The thing in the cabin is a strange mess of tentacled horror and alien anatomy, completely nonhuman and abjectly disturbing. Something about being in its presence, makes everything living, animals, people, want to fuck. It kind of centers them, allows their most hidden away selves to emerge. It fucks you and enters you, running its tentacles over all your bodies and your various holes, taking you over with its own desire, its all-encompassing penetration. From the hidden away cabin, the alien corrupts all the characters, and everything it comes into contact with, for good, or for ill. When they leave the cabin, the characters feel unfulfilled with their regular lives, their work lives, their family lives, after knowing such a rapture, all other pleasures in life are found to be lacking. Veronica tries, reluctantly, to get away from it before it destroys her, but Alejandra has found new meaning in life, committing herself fully to her alien lover. For the first time in a long time, she is truly happy, no matter what the outcome may be. By the end of the film, you understand why the characters keep looking up to the sky in wonder. If this thing came from the stars is representative of what lurks out in the outer dark, does the entire Universe just seethe and roil with creatures fucking? Is that the secret purpose of life? To penetrate and be penetrated?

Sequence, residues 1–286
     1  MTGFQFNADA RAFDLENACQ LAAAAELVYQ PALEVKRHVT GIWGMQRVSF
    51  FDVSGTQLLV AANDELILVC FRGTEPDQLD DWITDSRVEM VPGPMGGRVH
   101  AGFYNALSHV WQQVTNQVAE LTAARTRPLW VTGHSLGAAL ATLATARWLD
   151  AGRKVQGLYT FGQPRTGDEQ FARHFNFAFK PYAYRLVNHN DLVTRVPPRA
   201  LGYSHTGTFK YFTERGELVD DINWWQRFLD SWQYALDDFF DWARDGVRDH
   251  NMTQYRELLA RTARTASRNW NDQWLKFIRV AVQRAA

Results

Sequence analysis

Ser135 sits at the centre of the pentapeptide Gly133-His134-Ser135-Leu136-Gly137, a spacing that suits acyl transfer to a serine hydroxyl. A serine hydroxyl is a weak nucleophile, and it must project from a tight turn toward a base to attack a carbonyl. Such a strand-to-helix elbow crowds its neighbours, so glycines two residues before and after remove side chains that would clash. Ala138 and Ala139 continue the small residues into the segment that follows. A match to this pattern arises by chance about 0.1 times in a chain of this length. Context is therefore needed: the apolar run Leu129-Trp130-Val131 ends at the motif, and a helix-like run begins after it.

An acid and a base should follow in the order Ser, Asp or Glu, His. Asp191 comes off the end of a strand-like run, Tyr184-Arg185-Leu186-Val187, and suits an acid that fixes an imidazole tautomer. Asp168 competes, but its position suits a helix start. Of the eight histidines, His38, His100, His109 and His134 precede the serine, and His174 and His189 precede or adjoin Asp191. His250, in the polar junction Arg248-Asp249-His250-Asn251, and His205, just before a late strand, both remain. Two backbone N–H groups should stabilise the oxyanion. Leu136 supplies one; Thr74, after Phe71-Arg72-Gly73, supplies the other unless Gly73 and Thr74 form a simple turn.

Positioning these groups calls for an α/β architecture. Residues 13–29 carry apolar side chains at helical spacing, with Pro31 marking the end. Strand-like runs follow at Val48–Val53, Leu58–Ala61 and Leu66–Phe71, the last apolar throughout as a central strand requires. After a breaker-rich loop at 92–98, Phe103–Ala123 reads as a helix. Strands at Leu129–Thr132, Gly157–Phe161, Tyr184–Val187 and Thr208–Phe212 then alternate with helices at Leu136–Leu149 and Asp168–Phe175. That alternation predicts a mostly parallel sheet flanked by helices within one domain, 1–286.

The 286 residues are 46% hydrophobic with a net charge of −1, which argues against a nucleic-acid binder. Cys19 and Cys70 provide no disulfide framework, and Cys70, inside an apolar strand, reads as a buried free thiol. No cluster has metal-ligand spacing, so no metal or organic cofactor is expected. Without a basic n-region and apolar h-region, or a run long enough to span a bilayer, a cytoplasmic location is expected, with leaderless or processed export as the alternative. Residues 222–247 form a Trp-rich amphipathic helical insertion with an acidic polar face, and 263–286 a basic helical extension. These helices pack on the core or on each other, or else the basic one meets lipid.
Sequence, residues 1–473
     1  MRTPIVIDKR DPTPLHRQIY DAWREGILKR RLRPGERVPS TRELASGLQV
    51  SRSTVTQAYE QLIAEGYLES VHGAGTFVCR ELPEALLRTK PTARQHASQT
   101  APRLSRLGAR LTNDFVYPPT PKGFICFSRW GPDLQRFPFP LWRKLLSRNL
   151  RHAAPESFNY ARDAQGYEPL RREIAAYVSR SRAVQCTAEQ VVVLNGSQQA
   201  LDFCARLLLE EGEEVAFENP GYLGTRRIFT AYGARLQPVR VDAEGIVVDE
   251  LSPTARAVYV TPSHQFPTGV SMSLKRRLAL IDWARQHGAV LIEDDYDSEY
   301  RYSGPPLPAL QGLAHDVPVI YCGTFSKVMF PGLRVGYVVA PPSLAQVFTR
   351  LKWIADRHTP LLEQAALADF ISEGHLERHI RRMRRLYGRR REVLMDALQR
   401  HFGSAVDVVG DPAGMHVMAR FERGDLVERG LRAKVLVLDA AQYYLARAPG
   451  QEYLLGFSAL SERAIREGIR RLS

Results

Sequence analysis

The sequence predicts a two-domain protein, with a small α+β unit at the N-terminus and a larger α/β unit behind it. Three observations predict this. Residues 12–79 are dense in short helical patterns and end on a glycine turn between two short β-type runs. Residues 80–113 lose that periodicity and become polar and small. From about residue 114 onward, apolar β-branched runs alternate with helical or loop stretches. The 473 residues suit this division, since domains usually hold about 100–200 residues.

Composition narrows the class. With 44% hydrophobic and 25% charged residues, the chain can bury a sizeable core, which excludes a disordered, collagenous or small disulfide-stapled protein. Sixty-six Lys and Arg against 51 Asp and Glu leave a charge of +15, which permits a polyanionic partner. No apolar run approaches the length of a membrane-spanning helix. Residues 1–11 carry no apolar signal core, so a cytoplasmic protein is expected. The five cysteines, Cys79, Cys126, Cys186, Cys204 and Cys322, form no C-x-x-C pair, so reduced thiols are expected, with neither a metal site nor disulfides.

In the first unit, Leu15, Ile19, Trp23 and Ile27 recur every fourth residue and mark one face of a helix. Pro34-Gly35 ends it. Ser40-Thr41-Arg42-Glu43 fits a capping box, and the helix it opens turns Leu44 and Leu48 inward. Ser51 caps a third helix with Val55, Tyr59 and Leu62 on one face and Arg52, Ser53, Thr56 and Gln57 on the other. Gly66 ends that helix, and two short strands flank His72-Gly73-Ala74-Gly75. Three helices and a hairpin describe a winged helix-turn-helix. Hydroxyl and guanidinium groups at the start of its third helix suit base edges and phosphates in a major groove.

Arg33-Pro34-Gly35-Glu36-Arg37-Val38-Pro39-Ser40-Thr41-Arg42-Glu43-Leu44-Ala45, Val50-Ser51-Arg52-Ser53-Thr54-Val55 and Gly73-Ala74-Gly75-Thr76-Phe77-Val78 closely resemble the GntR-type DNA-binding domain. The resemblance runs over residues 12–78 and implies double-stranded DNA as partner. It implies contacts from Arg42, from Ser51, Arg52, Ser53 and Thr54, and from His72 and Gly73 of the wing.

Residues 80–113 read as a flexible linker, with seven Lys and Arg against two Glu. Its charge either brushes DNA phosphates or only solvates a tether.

In terms of where this film stands in modern horror cinema, it obviously is some distant cousin to Zulawski’s Possession. The Untamed is certainly a more subtle and quiet film whereas Possession is more loud and in your face. But The Untamed does have several moments of strange beauty and dream images. This is a coldly gorgeous film. It shares with Cronenberg’s film Crash a boldness in directly representing sex as plot. In showing humans to be sexual beings in a very taboo-shattering way. I think that The Untamed would make a great double bill with Glazer’s Under the Skin, both coldly poetic films that explore the alien and the feminine in sexual/gothic terms. Also, this film has some of the most startlingly unnerving dreamlike imagery since von Trier’s Antichrist. There are images that will stick with you for the rest of your life in this film. The Untamed continues the new wave of arthouse horror films that take inspiration from directors like Cronenberg and Tarkovsky. Modern horror cinema is releasing some of the best work the genre has seen since the 1970s, and I think The Untamed continues that trend, being one of the best films to have come out recently, being both challenging and provocative in an era of cookie-cutter megaplex blockbusters. An under talked about, under viewed masterpiece. Highly recommended.